Size Matters: Financial Reporting by the IMF and World Bank
Working Paper 106
35 Pages Posted: 12 Oct 2016 Last revised: 8 Jun 2017
Date Written: October 9, 2016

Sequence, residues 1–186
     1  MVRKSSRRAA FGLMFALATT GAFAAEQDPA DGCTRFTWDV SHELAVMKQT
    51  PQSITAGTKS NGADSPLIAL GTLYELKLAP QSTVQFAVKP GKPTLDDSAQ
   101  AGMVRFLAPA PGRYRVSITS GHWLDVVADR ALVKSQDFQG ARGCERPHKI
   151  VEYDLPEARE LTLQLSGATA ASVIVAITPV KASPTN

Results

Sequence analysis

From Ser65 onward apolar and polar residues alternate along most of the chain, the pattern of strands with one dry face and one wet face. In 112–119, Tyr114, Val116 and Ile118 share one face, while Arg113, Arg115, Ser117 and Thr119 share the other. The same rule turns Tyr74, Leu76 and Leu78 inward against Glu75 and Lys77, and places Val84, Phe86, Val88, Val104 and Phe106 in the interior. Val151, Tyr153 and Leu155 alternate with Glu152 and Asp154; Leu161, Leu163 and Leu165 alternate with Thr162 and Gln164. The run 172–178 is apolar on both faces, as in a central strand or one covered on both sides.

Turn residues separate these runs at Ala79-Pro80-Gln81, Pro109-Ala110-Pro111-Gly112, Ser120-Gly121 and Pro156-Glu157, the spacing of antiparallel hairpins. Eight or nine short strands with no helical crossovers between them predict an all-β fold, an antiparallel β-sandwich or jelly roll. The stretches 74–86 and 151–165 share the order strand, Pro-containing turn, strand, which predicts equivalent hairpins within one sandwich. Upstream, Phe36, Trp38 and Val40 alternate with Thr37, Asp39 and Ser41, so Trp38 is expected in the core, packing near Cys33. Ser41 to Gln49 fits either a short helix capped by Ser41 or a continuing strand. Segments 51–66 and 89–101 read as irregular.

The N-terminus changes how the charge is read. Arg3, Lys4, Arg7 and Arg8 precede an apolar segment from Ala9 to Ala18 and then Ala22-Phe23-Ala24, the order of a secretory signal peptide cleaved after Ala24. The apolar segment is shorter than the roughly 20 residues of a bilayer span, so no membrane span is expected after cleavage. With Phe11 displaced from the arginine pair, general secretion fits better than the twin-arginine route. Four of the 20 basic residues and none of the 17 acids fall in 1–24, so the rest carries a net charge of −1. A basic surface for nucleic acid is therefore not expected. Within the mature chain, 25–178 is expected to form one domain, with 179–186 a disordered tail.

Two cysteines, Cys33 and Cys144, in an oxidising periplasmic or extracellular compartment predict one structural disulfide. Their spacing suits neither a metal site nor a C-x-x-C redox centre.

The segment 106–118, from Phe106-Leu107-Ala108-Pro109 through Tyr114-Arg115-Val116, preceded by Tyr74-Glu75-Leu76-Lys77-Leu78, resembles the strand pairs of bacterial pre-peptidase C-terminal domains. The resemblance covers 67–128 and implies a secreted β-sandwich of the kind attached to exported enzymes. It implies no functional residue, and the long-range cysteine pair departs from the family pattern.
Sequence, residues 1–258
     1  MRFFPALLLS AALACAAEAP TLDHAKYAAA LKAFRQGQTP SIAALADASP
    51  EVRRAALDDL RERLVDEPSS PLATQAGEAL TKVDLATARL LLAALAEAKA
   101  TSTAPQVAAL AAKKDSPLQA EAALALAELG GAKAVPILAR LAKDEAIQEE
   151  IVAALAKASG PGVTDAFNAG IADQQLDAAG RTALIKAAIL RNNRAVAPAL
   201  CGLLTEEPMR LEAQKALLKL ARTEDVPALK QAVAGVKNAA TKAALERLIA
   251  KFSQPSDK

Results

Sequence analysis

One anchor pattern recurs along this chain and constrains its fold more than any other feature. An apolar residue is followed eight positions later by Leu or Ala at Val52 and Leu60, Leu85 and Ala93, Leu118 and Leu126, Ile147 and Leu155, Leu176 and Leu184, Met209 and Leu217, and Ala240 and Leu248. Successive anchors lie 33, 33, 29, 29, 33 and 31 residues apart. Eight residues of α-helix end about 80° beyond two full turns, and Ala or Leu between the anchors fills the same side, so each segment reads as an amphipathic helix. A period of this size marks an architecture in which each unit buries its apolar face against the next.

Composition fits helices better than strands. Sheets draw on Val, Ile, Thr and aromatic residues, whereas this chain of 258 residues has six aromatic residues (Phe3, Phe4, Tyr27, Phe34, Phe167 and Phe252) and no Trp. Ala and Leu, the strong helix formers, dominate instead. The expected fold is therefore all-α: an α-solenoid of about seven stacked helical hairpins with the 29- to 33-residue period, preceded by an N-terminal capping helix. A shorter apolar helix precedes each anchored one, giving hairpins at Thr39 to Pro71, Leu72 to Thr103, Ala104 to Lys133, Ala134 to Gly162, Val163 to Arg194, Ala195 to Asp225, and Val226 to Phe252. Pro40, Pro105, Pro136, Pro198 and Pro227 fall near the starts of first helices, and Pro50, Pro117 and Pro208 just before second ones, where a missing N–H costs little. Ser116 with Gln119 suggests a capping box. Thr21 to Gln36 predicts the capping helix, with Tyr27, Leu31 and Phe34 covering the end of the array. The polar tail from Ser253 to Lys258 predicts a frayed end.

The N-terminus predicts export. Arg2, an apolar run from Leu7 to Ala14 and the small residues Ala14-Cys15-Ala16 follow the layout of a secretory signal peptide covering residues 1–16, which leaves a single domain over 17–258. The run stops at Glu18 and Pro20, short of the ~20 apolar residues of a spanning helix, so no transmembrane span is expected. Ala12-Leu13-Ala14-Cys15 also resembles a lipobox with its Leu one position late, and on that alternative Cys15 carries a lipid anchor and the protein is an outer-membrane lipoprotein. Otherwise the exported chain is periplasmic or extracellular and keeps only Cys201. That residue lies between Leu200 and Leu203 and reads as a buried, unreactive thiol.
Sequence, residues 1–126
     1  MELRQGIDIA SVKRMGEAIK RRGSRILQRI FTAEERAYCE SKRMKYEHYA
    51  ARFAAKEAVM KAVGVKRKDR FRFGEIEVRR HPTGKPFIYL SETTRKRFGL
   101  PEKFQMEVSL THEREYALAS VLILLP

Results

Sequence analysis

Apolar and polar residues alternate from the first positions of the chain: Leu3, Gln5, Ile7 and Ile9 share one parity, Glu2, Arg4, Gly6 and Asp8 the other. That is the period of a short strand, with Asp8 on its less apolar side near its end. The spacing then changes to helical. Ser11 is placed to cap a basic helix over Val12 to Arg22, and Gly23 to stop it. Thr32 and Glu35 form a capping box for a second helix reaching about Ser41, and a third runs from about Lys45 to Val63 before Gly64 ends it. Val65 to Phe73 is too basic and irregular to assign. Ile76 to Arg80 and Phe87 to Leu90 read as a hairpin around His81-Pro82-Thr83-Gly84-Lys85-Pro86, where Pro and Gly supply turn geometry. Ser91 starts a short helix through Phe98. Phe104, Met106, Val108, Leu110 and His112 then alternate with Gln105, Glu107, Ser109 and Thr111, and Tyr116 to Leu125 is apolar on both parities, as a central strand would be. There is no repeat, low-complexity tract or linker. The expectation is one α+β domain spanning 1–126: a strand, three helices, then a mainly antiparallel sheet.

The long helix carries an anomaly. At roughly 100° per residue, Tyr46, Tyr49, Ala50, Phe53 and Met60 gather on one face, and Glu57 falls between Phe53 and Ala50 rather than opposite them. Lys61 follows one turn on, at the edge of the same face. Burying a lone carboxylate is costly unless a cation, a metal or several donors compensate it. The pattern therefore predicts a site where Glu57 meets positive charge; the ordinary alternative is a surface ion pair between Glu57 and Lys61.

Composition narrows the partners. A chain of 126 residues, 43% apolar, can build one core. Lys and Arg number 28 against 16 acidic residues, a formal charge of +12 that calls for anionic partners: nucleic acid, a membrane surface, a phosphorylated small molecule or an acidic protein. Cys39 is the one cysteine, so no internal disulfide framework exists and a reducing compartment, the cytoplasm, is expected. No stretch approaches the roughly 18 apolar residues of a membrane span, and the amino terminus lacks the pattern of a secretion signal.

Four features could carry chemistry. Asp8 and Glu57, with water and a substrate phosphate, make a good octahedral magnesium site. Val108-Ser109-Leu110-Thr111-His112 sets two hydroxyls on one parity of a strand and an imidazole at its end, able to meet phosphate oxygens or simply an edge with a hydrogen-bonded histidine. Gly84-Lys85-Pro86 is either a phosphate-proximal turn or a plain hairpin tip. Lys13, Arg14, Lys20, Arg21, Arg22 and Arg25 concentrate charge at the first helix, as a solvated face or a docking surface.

Among the largest entities in the world are the World Bank Group and the International Monetary Fund (IMF) Group. From the perspective of researchers in accounting, such size is used as a proxy for political visibility; and often implicit asymmetries of power and information become explicit in such research. This context of political visibility leads to the research question in this study: do the means by which these two entities prepare financial reports compromise accountability through financial results by selective choices of GAAP? This study will offer a detailed analysis of the financial reporting in 2013 by the World Bank and the IMF, including a pro-forma consolidation to understand what might be achieved by consolidation as prescribed in GAAP. Most notable in the financial reporting are (1) a mixed-standard prescription, from standards developed for the corporate sector. (2) A failure to consolidate entities under the in-substance control of the ‘parent’ in the group. There is also some lack of transparency concerning the level of intra-entity transactions. This study demonstrates the implications of political visibility, being a possible driver to minimise apparent size, as reflected in accounting policy choices.
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